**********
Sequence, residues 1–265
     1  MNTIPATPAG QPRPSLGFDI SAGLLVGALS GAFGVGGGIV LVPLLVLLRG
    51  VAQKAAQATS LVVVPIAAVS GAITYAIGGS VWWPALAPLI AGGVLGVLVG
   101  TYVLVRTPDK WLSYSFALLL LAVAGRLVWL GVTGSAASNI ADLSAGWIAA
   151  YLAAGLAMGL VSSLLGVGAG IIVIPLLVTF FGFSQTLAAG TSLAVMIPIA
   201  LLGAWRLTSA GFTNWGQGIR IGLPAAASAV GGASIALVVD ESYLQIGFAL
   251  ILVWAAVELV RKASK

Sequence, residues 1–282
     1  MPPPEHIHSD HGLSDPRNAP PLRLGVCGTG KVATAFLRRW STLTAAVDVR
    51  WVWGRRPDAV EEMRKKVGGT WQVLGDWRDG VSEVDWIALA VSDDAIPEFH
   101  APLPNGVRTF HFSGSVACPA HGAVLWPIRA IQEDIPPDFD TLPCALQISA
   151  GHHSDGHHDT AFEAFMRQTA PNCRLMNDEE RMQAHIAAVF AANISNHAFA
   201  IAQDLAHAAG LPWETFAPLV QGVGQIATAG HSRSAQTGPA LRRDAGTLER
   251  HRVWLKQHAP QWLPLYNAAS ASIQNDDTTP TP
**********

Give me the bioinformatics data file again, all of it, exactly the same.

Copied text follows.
Sequence, residues 1–265
     1  MNTIPATPAG QPRPSLGFDI SAGLLVGALS GAFGVGGGIV LVPLLVLLRG
    51  VAQKAAQATS LVVVPIAAVS GAITYAIGGS VWWPALAPLI AGGVLGVLVG
   101  TYVLVRTPDK WLSYSFALLL LAVAGRLVWL GVTGSAASNI ADLSAGWIAA
   151  YLAAGLAMGL VSSLLGVGAG IIVIPLLVTF FGFSQTLAAG TSLAVMIPIA
   201  LLGAWRLTSA GFTNWGQGIR IGLPAAASAV GGASIALVVD ESYLQIGFAL
   251  ILVWAAVELV RKASK

Sequence, residues 1–282
     1  MPPPEHIHSD HGLSDPRNAP PLRLGVCGTG KVATAFLRRW STLTAAVDVR
    51  WVWGRRPDAV EEMRKKVGGT WQVLGDWRDG VSEVDWIALA VSDDAIPEFH
   101  APLPNGVRTF HFSGSVACPA HGAVLWPIRA IQEDIPPDFD TLPCALQISA
   151  GHHSDGHHDT AFEAFMRQTA PNCRLMNDEE RMQAHIAAVF AANISNHAFA
   201  IAQDLAHAAG LPWETFAPLV QGVGQIATAG HSRSAQTGPA LRRDAGTLER
   251  HRVWLKQHAP QWLPLYNAAS ASIQNDDTTP TP